Land Use in Monocentric City - Wayne State University
Land Use in Monocentric City Chapter 8 OSullivan What does the city look like? We have lots of activity downtown. Less activity as we go further away. Why is that?
Distance Answers Transportation technologies lead to nodes from which we ship items. Scale economies imply that we are likely to see clustering around activities that are subject to economies of scale. There are informational and shopping externalities.
Who locates where? The fundamental story is one that weve seen before. Firms maximize profits. The profits come from a function that looks like this: = Rev - Costs - transportation costs - rent If there is perfect competition, = 0. So: Who locates where? 0 = Rev - Costs - transportation costs - rent
rent = Rev. - Costs - tXu where X is what is shipped, t is the cost per unit to ship it, and u is the distance shipped. So: Rent is inversely related to distance. What will we see? Tall buildings downtown. Higher density downtown
People commuting to the downtown, or: Distance Is this efficient? What is efficient? Answer -- Since production is usually taken as fixed, the efficient allocation minimizes transportation costs. Those with the highest transportation costs are locating the closest, so the allocation is efficient.
What about households? Households dont maximize profits, so lets look, first, at their budgets, but then look at their utility. Households, in this model, eat chicken, rent housing, and commute to work. So: Income = Chick. Exp. + House Exp. + trav. y = 1 * c + p * h + t*u Household expenditures
y = 1 * c + p * h + t*u where c = pounds of chicken at $1/pound h = housing, at price p u = distance commuting at price t/mile As the household moves further away from downtown, what MUST change? A> Commuting cost . Then what? Household expenditures
Then what? Does the price of chicken change? OK, transportation costs go up by $t. So, the price of housing must fall in order to make up for the transportation costs. If tu increases, ph must decrease, or else income rises. Household expenditures So if we move 1 mile further, transportation cost increases by $t.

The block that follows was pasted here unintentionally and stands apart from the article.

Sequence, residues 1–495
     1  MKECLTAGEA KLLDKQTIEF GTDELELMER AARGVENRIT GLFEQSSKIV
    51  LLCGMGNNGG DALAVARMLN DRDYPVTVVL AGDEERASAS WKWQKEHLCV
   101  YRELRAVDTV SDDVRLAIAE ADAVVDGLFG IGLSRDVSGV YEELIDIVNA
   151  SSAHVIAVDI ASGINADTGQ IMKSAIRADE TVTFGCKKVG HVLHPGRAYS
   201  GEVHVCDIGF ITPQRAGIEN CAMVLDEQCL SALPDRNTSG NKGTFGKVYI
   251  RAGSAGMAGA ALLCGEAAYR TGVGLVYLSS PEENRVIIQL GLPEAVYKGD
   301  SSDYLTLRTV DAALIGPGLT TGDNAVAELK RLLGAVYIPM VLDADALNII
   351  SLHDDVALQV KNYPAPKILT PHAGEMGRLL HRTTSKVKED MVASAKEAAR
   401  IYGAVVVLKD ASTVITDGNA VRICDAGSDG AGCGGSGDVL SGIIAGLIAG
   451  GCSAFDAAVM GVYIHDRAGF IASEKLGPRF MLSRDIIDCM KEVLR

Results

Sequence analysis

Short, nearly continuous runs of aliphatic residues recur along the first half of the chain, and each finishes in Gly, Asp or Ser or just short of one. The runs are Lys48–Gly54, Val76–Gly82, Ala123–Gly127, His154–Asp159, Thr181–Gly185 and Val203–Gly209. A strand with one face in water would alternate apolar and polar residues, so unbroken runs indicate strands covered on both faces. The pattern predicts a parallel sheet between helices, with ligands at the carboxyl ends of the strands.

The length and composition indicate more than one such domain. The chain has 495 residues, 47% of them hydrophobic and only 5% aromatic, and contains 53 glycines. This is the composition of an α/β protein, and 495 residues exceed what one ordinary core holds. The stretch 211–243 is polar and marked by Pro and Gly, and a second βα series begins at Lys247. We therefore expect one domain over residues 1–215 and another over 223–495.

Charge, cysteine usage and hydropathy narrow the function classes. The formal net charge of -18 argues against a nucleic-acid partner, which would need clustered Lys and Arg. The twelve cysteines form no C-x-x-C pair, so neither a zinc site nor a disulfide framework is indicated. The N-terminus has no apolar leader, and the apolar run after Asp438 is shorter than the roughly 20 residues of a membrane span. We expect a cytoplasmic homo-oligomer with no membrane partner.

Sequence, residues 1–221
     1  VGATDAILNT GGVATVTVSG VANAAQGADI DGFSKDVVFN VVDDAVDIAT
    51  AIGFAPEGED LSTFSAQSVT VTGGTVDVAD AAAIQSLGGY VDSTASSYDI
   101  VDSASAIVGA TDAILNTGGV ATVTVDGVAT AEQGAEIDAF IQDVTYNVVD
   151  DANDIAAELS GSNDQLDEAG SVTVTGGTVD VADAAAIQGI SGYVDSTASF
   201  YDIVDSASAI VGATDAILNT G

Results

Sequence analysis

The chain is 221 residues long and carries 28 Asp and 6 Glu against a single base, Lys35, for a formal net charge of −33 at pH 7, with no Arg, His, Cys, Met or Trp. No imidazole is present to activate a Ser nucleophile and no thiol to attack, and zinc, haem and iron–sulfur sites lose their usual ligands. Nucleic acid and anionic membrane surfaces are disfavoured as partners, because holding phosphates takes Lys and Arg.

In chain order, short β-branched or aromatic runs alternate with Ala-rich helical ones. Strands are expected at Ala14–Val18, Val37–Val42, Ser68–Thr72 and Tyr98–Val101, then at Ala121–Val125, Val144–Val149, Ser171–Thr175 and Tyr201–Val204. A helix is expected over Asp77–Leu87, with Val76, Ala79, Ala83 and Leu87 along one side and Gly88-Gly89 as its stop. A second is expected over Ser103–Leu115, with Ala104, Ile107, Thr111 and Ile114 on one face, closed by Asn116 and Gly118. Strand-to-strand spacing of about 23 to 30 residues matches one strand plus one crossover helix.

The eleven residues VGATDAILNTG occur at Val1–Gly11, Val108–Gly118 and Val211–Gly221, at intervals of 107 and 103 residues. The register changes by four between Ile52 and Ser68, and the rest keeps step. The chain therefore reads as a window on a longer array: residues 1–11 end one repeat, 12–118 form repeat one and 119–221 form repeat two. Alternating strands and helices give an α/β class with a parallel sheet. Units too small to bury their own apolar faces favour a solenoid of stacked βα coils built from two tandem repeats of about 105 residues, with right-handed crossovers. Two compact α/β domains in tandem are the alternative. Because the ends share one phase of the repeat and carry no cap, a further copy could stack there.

Thus: t = - h p, or: p = -t / h. Lets look at a spreadsheet (EXCEL). What does this say about the rents? p = -t / h. This is a straight line, just like we saw before. What kinds of substitutions might we see?
A picture! Indifference curves Suppose Clyde takes home $2,000 per month. Clyde lives on chicken and housing, and commutes to work. Chicken costs $1/pound. Housing costs $0.50/sq. ft. Commuting costs $100. All are per month.
Income net of commuting Chicken 1900 1400 1000 Housing
3800 Income net of commuting Income net of commuting ($20 ) Chicken 1900 1880 Housing price MUST fall so
that hes as well off as before. 1400 1000 Housing 3760 3800 Housing price falls
People must stay on same indifference curve! As price of housing falls, people substitute away from chicken. Utility rises. To keep utility the same, price of housing is bid up a little more than the transportation costs would indicate. This makes it convex. Rich and poor Lets compare the rich and the poor. Look at the equation:
p = -t / h. What changes between the rich and the poor? A> The rich buy more h than the poor. So, the denominator of the equation is bigger. The price of housing must fall LESS per square foot per mile for the rich than for the poor. Who locates where? Transp. is relatively important for
poor steep Transp. is relatively less important for rich shallow $/sq.ft. Poor Rich
Distance Who locates where? Poor in central city, rich further out. Why? Look at EXCEL spreadsheet and discuss. Next time: Segregation Oddly, Oddly,the thepoor
pooroutbid outbid the therich richfor forcentral centralcity city land. land. Does Doesthis
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